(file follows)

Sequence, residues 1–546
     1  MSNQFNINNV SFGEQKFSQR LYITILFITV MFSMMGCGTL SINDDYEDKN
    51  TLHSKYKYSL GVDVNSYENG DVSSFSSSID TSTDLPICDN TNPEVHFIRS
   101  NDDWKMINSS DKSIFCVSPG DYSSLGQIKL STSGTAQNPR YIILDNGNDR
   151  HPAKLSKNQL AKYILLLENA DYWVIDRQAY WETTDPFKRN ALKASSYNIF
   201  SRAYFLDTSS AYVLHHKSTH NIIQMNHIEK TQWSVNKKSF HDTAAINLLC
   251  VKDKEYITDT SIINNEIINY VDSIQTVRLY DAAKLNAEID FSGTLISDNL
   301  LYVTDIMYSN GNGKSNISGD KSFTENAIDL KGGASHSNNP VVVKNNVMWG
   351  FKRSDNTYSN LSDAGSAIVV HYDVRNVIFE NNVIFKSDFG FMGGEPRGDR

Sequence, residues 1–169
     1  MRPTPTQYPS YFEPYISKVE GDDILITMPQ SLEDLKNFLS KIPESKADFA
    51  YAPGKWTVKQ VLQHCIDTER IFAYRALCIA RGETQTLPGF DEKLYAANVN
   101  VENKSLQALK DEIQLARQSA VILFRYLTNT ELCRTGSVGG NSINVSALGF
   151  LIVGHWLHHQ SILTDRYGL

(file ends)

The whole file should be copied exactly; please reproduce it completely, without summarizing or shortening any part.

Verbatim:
Sequence, residues 1–546
     1  MSNQFNINNV SFGEQKFSQR LYITILFITV MFSMMGCGTL SINDDYEDKN
    51  TLHSKYKYSL GVDVNSYENG DVSSFSSSID TSTDLPICDN TNPEVHFIRS
   101  NDDWKMINSS DKSIFCVSPG DYSSLGQIKL STSGTAQNPR YIILDNGNDR
   151  HPAKLSKNQL AKYILLLENA DYWVIDRQAY WETTDPFKRN ALKASSYNIF
   201  SRAYFLDTSS AYVLHHKSTH NIIQMNHIEK TQWSVNKKSF HDTAAINLLC
   251  VKDKEYITDT SIINNEIINY VDSIQTVRLY DAAKLNAEID FSGTLISDNL
   301  LYVTDIMYSN GNGKSNISGD KSFTENAIDL KGGASHSNNP VVVKNNVMWG
   351  FKRSDNTYSN LSDAGSAIVV HYDVRNVIFE NNVIFKSDFG FMGGEPRGDR

Sequence, residues 1–169
     1  MRPTPTQYPS YFEPYISKVE GDDILITMPQ SLEDLKNFLS KIPESKADFA
    51  YAPGKWTVKQ VLQHCIDTER IFAYRALCIA RGETQTLPGF DEKLYAANVN
   101  VENKSLQALK DEIQLARQSA VILFRYLTNT ELCRTGSVGG NSINVSALGF
   151  LIVGHWLHHQ SILTDRYGL